New jobs in UK hospitality sector ‘non existent’.

(Source: BBC News)

Paul Gilley says he has never seen so few new jobs in the UK hospitality sector – across restaurants, bars and hotels.

Recruitment is bad overall “but in hospitality it is non-existent,” says the boss of London-based recruitment firm PJ Search & Selection. Mr Gilley has run his business for 20 years, specialising in the hospitality sector. Back in March, he says that everything stopped overnight. “Contracts were being cancelled, all permanent vacancies were drying up and within a week we had nothing,” he says.

Despite England being set to come out of the current lockdown on 2 December, returning to a tier-based system and with Christmas fast approaching, Mr Gilley does not see things improving until well into 2021. “The hospitality sector is going to try its damnedest to have a good Christmas, but with social distancing rules in place you can have only less than half the normal number of customers, so extra staff just aren’t needed,” he says. “Places are opening their doors not to make money, but to lose less.”

Recruitment agencies are a very good barometer of a country’s economy. And across the UK they have seen business dry up, as unemployment has risen due to Covid and the subsequent lockdowns and tier restrictions. The latest official figures show that the UK unemployment rate rose to 4.8% in the three months to September, up from 4.1% in the proceeding quarter. And the unemployment rate among 16 to 24-year-olds, who make up much of the staff across restaurants, bars and hotels, is now 14.6%, also according to official data. Overall UK unemployment is now expected to reach 7.5% next year.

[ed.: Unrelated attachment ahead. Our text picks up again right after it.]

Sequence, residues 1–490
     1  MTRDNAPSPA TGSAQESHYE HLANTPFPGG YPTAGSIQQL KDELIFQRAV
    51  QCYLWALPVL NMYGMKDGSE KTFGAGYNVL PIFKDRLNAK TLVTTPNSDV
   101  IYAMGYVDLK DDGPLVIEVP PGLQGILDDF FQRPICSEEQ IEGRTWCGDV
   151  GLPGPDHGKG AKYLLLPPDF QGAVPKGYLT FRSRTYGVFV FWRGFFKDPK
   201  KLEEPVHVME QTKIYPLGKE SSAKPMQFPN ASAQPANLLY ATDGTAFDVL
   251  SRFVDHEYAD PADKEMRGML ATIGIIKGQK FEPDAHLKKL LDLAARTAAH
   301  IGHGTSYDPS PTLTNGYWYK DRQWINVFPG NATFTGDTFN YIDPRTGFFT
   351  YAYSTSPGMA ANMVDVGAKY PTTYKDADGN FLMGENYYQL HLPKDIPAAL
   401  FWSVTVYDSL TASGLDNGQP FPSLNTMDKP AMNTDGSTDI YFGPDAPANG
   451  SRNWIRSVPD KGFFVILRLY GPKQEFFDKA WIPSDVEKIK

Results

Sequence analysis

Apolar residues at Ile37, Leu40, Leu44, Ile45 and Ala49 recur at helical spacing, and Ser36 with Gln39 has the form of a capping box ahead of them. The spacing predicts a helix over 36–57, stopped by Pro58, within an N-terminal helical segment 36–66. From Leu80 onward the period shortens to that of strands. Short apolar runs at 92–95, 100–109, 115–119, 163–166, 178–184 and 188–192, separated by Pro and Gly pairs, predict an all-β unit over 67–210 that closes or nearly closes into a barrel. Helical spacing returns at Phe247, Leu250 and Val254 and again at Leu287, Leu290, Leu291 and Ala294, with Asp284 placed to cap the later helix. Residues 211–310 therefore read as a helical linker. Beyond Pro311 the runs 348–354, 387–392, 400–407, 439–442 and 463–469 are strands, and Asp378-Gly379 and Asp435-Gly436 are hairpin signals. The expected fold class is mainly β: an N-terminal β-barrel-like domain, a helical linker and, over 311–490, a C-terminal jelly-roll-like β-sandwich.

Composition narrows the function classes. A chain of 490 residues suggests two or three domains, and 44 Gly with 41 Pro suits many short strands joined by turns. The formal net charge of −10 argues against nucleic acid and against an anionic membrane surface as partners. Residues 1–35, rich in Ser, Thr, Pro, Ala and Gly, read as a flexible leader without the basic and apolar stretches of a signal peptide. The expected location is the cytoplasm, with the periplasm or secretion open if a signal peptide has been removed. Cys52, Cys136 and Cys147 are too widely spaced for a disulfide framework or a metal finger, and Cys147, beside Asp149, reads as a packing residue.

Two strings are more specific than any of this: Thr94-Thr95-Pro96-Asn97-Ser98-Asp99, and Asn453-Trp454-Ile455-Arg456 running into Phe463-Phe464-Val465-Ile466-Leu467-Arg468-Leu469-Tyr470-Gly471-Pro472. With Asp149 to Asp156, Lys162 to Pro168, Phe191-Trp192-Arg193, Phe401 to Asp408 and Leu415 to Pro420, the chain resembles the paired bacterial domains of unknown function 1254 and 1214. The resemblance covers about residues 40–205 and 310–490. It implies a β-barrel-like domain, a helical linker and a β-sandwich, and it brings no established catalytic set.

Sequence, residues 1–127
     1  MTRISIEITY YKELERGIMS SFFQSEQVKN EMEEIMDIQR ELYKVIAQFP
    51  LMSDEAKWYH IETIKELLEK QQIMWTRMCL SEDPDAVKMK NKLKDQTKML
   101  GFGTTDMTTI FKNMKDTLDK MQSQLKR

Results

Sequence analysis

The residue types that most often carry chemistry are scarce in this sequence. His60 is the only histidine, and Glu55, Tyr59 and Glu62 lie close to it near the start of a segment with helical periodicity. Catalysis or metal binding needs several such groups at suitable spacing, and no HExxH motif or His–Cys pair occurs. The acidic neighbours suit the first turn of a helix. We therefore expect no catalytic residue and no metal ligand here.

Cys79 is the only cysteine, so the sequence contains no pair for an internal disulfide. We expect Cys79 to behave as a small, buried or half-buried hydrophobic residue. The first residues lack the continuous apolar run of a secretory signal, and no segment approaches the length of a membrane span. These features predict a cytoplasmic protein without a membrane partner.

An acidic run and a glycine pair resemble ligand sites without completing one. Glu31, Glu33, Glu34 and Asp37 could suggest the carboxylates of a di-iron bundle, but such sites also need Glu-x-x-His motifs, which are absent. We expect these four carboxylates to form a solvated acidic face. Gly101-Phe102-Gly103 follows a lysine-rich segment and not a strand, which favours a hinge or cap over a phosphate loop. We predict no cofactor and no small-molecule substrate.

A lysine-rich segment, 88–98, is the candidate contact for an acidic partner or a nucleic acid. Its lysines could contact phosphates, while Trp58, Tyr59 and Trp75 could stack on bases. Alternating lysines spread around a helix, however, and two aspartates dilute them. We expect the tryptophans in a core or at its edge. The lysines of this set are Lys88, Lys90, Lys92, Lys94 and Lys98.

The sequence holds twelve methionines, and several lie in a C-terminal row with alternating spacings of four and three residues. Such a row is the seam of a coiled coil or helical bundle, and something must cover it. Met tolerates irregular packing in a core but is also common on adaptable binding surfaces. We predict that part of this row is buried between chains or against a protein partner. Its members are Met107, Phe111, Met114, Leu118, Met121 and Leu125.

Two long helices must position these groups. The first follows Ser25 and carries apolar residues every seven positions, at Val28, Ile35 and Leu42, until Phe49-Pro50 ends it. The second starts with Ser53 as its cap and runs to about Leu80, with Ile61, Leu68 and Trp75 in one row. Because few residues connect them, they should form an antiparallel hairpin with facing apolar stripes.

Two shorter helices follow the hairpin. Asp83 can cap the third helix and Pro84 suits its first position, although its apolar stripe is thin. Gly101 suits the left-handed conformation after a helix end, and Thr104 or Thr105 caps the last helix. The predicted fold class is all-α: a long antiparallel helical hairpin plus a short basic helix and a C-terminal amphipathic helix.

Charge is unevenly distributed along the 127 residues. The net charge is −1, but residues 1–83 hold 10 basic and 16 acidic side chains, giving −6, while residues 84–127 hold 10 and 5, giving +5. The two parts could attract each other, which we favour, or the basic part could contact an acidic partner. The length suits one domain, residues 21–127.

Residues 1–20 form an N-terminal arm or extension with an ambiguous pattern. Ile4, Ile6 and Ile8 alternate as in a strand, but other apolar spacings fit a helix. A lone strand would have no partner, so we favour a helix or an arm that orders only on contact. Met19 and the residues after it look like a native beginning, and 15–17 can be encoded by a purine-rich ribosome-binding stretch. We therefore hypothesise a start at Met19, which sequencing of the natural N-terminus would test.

This bleak situation also applies to retail, and is replicated globally, says Ann Swain, the chief executive of APSCo, an international trade body that represents the recruitment sector. “In March, education recruitment fell off a cliff because schools were closed down, and other markets followed with permanent recruitment dying for weeks or longer for the likes of retail and hospitality,” she says.  But Ms Swain says recruitment has since picked up in areas such as distribution, healthcare and the pharmaceutical sector, where firms have been looking for Covid vaccines. In fact, some entrepreneurs are launching new recruitment firms to capitalise on these trends. One such is UK industry veteran David Spencer-Percival, who has started Life Sciences People, focusing on the pharmaceutical and life sciences sector. “The sector is seeing record investment,” he says. “If you are already in a downturn or recession then there’s everything to play for if you time it right, as the economy can only move one way – up.”